Community//

How to connect during the COVID-19 pandemic when you’re single and live alone

I'm talking to strangers from around the world

Last week I saw a tweet about an app called “DialUp” that is offering quarantine chats.

You can sign up and be matched to speak by telephone with anybody in the entire world. I signed up last Tuesday morning and a few hours later my phone rang with an incoming ID that read, “QuarantineChat.”

An automated voice gave a prompt to talk about what you see outside your window. Then a few seconds later I heard a voice on the other line say, “Hello.”

We introduced ourselves and I found myself talking to a man who lives in Portland. We shared what life has been like staying at and working from home. Turns out both of us were in our second week of sheltering in place.

We realized we had a lot in common, backgrounds in journalism, we both grew up in the Chicago area and we both have asthma.

That was a main reason we both were taking the stay at home guidelines so seriously. Some regular days breathing is a struggle and I can’t imagine what my lungs would feel like if I got the coronavirus.

The idea that I could wind up on a respirator is terrifying, if one is even available. The decisions that doctors in Italy have had to make about who receives care or a respirator are very sobering.

How can they even decide? Will people who are married and have children who depend on them matter more than a 52-year-old single, divorced woman like myself?

I am not just single. I live alone and these past three weeks have had little face to face contact with people.

One of my first selfish thoughts after California Gov. Gavin Newsom ordered us to stay at home last Thursday was, “Now I’ll never meet anybody.” Or worse, “I’ll die alone.”

Don’t feel sorry for me. I am grateful for everything I have. I still have a job that I can do from home. I have food. And I have my health.

I am only leaving the house to go shopping once a week. I have had almost no face to face contact with anybody except for a friend who dropped off cat food for my elderly neighbor. And we stayed more than six feet apart.

Still, I am struggling at times with this idea of being alone, or worse when the fear takes over, the prospect of dying alone. Most of my family is still in Chicago, my hometown.

A low moment for me was when the stay at home order was issued by California Gov. Gavin Newsom March 19 and he said more than half of Californians could contract COVID-19. I suddenly felt trapped and had a panic attack. 

I called my mother and sisters in Chicago. I almost hopped in the car to drive home but I feared traveling 1,750 miles wouldn’t be the best thing to do at this time. What if I caught the coronavirus on my trip and then gave it to my 83-year-old mom or my teenage nephews?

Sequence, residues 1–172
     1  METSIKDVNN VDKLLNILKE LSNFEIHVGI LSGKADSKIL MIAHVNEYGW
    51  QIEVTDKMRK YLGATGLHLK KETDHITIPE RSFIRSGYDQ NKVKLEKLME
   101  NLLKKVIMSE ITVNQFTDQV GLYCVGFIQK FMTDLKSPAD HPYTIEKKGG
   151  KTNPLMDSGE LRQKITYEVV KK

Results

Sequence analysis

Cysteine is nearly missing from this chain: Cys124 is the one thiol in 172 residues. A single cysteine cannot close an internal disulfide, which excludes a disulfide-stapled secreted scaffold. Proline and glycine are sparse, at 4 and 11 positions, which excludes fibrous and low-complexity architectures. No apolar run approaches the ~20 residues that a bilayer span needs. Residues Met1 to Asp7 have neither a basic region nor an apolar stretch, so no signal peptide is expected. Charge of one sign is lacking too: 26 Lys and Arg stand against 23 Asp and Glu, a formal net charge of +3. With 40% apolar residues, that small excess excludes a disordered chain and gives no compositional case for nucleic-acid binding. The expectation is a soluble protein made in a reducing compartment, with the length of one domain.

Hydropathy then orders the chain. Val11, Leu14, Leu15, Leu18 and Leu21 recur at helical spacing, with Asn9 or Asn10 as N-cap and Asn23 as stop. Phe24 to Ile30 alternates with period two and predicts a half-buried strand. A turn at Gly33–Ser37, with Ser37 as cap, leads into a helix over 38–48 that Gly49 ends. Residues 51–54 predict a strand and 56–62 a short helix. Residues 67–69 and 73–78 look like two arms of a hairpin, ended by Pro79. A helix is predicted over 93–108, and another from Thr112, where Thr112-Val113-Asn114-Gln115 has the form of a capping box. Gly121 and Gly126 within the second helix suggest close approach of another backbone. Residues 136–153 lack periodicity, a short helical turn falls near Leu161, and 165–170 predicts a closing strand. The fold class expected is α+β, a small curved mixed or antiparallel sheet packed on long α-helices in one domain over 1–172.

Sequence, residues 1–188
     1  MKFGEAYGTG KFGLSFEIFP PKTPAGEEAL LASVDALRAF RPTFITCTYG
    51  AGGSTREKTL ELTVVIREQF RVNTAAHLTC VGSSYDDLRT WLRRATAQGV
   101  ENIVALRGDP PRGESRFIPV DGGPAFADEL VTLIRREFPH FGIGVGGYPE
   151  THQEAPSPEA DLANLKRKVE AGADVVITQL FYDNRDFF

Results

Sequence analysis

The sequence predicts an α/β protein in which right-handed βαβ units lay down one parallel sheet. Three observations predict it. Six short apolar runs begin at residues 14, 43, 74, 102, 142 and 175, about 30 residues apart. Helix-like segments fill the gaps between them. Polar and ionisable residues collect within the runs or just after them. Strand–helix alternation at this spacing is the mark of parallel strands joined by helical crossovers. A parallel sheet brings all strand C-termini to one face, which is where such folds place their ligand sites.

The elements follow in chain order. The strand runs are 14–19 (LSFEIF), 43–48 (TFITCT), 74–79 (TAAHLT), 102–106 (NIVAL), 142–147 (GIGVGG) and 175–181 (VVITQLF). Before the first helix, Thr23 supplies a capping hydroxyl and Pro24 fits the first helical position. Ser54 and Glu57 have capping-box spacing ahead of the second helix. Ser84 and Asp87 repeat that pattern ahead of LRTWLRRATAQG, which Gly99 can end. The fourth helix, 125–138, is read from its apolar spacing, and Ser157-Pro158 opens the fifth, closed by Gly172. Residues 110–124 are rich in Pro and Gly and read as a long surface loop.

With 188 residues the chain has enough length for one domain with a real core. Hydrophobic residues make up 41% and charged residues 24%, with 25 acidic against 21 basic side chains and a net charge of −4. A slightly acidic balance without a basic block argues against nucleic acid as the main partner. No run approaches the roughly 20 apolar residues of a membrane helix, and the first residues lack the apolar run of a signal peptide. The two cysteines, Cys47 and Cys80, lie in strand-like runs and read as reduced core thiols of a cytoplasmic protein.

I know that it is not healthy to dwell on negative scenarios. So I am reaching out to friends and family through the phone and video chats.

I set up a weekly video chat for Sunday nights and invited my mom, five siblings, seven nieces and nephews. We had 12 people on our first two calls. I’m zooming with one of my closest friends who is working from home and has two young children. I’m reading the boys books and teaching them Spanish. My teenage nephew and I also made flour tortillas together this week connecting in the kitchen via Skype.

I also started reading books on Buddhism and doing yoga in my living room to keep my mind calm,  and I dance salsa and zumba to keep my spirits lifted. I have donated online to several nonprofits and to fundraisers for local workers.

And I look forward to the quarantine chats. I’m receiving one to two quarantine chat calls a day. I’ve spoken with people in Toronto and Los Angeles, Pakistan, Morocco and a man from China. 

The Chinese man living in New Jersey explained how strict there were with the quarantine in Wuhan and how people were not allowed to leave the city and that helped to flatten the curve.

I spoke to a young woman about careers and how she is navigating a toxic work environment. Like me, she can work from home, and we spoke about how this time away from the office will allow her to plan for her next career move.

I spoke to a young man who works at Costco and is a video gamer. I thanked him for working in a high-risk job. “I think you are a hero,” I said. He was surprised and told me none of his customers had thanked him.

I did end one call after six minutes with a man who started flirting with me. I realized that I wasn’t talking to random strangers because I wanted to date or find a boyfriend. If I wanted to do that, I’d be in Tinder.

I also spoke Sunday to a woman on the East Coast who had the coronavirus and was quarantined at home. She was struggling with the painful symptoms but she also had a positive outlook.

Over the weekend, I also found out one of my cousins in Chicago was hospitalized with the coronavirus. It’s all becoming very real but I can’t live in fear. All I can do is stay at home, and I’m going to start ordering groceries online.

I realized that what I was afraid of losing in this crisis was human connection. So I’m video chatting with family, friends and yes talking to random strangers on the phone. Knowing that there are people out there in the vast world still willing to connect gives me hope in these uncertain times.

Teresa Puente teaches journalism at California State University, Long Beach and is a senior facilitator with The OpEd Project.

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